Bay Area gets up to 18 inches of snow

A winter storm system off the coast has left up to 18 inches of snow in parts of the Bay Area this week, according to the National Weather Service.

A large amount of powder has been seen near the Big Sur coast, where about 18 inches of snow fell on mountain peaks above 3,500 feet, weather service forecaster Steve Anderson said today.

Snow in the Santa Cruz Mountains reaching down into parts of Santa Clara County this week have totaled about 8 inches above elevations of 3,500 feet, Anderson said. Mount Hamilton also received about 8 inches of snowfall above 4,000 feet, Anderson said.

Snowfall on the higher peaks of Mount Diablo has reached about 5 inches, supervising ranger for Mount Diablo State Park Dan Stefanisko said.

Vehicle access to the summit has been closed periodically because of the snow, which has brought additional visitors to the park, Stefanisko said.

Snow flurries also stuck on Mount Saint Helena, where California Department of Transportation crews have been plowing roadways, according to the California Highway Patrol in Napa.

The weather system bringing the unusually extended winter weather will bring heavier snow showers Friday at lower elevations, which will likely bring another snow advisory from the National Weather Service, Anderson said.

The most recent snow advisory expired Tuesday morning.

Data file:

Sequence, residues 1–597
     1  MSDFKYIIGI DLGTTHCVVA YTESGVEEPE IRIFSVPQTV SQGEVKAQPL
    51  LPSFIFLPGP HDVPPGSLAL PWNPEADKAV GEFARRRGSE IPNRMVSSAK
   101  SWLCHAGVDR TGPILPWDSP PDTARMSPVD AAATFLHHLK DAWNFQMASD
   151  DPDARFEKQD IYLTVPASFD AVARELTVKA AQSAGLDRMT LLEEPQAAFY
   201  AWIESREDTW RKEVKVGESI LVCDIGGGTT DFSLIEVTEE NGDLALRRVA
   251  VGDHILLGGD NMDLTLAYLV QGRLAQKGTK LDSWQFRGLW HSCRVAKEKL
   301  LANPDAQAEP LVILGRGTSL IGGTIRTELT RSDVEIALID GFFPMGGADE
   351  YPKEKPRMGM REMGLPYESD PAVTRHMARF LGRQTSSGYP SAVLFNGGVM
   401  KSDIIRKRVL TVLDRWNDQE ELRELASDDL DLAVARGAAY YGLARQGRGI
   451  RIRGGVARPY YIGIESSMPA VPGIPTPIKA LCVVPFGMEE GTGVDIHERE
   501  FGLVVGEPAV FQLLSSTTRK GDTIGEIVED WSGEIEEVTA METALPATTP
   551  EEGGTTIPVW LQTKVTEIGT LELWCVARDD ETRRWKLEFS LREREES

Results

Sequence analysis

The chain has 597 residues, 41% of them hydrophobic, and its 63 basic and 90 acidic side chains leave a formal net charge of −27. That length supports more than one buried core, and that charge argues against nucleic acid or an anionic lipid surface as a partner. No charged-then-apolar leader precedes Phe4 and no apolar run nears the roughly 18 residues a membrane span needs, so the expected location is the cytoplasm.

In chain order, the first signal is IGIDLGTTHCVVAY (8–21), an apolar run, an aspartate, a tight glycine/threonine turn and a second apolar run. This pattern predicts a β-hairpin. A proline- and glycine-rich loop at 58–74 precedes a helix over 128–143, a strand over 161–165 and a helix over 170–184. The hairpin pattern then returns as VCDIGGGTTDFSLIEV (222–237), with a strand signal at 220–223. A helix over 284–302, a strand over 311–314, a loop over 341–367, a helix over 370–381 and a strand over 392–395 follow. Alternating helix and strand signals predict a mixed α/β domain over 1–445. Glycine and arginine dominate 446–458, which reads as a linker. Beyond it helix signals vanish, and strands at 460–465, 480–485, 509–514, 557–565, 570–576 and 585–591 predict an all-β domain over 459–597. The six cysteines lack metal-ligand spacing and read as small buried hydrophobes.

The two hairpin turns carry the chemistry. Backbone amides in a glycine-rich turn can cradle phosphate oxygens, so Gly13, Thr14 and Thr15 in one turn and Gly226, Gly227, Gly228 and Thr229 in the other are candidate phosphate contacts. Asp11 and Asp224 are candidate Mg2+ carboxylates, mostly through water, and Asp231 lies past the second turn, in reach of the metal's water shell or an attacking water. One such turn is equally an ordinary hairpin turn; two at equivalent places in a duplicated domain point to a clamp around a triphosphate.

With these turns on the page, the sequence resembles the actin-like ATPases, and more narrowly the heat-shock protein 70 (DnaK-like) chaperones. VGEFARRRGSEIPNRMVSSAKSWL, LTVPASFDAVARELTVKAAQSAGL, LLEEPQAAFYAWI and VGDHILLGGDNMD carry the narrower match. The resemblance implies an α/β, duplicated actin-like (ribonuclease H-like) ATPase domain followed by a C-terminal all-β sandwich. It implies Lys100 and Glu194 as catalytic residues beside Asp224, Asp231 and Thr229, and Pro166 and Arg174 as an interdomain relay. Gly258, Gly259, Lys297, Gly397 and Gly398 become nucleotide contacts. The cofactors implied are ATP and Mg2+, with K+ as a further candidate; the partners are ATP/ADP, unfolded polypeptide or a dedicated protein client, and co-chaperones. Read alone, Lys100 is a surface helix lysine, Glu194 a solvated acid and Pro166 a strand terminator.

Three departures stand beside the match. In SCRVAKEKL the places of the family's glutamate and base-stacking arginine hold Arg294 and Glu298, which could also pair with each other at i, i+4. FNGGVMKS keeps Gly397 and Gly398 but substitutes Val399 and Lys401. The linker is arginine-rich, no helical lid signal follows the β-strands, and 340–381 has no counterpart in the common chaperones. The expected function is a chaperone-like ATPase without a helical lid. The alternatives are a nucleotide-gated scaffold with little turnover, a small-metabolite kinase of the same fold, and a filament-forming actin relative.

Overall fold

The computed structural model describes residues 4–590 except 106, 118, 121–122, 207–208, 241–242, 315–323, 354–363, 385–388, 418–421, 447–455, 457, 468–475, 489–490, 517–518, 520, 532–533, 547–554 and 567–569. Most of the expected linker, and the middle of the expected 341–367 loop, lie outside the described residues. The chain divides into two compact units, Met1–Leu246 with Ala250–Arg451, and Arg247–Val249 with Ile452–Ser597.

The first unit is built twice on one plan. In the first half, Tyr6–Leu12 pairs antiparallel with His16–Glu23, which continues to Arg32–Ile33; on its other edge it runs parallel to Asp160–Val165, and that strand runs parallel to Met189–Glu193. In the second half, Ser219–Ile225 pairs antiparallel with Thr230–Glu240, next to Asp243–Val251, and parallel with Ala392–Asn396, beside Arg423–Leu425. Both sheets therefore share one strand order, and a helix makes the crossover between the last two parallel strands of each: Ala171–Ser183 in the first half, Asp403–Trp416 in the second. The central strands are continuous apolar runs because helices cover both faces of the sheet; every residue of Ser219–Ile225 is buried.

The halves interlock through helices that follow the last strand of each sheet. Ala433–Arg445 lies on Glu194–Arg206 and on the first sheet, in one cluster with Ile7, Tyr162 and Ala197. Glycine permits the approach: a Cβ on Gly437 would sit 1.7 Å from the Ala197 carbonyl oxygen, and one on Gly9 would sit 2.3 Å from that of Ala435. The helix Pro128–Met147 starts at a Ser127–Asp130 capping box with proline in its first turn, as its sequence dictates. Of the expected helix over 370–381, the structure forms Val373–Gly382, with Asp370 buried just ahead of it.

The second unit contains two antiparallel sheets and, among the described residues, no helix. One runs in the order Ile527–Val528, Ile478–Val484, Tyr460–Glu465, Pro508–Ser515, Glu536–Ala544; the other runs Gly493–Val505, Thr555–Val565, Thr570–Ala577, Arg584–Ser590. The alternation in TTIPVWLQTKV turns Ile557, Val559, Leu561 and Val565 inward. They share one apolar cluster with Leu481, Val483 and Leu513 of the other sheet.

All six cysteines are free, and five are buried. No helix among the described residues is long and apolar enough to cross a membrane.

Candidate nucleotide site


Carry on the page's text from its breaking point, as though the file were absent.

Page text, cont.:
Snow was expected to fall above 2,500 feet today, according to Anderson. “(Snowy weather) typically happens once or twice every winter,”

Anderson said. “It is unusual that it is sticking around for so long. This particular storm has decided to stick around a little bit and gives us a taste of winter.”

Caltrans workers have plowed highways across mountains and hills in the Bay Area to keep drivers safe, spokeswoman Susana Cruz said.

Highways in areas hit by the storm have not been closed today, as Caltrans workers have continued storm patrol service, checking roadways and working in areas that need to be cleared, Cruz said.

Drivers are cautioned to allow for extra time on trips and beware of cone zones along the highway, Cruz said.

Bay City News

Bay Area NewsLocal

Just Posted

People take part in early voting for the November 5 election at City Hall on Wednesday, Oct. 30, 2019. (Kevin N. Hume/S.F. Examiner)
Electionpalooza: SF school board recall will kick off a flurry of local races

‘It’s going to be a lot of elections and a lot of decisions for voters to make’

The fate of San Francisco nicotine giant Juul remains to be seen, as the U.S. Food and Drug Administration is reviewing whether to allow certain flavored vape products on the market. <ins>(Jeenah Moon/New York Times)</ins>
How the vape king of teen nicotine addiction rose and fell in San Francisco

‘Hey, Juul, don’t let the door hit you on the way out’

Cabernet sauvignon grapes sat in a container after being crushed at Smith-Madrone Winery in St. Helena. (Courtesy Smith-Madrone Winery)
San Francisco’s ‘Champagne problems’ — Wine industry suffers supply chain woes

‘Everywhere you turn, things that were easy are no longer easy’

Glasses behind the bar at LUNA in the Mission District on Friday, Oct. 15, 2021. Glassware is just one of the many things restaurants have had trouble keeping in stock as supply chain problems ripple outward. (Kevin N. Hume/The Examiner)
SF restaurants face product shortages and skyrocketing costs

‘The supply chain crisis has impacted us in almost every way imaginable’

A student carries a protection shield to her next class as part of her school’s COVID-19 safety measures. (Courtesy Allison Shelley/Eduimages)
Projected K-12 drops in enrollment pose immediate upheaval and decade-long challenge

State forecasts 11.4% fewer students by 2031 — LA and Bay Area to be hit hardest

Most Read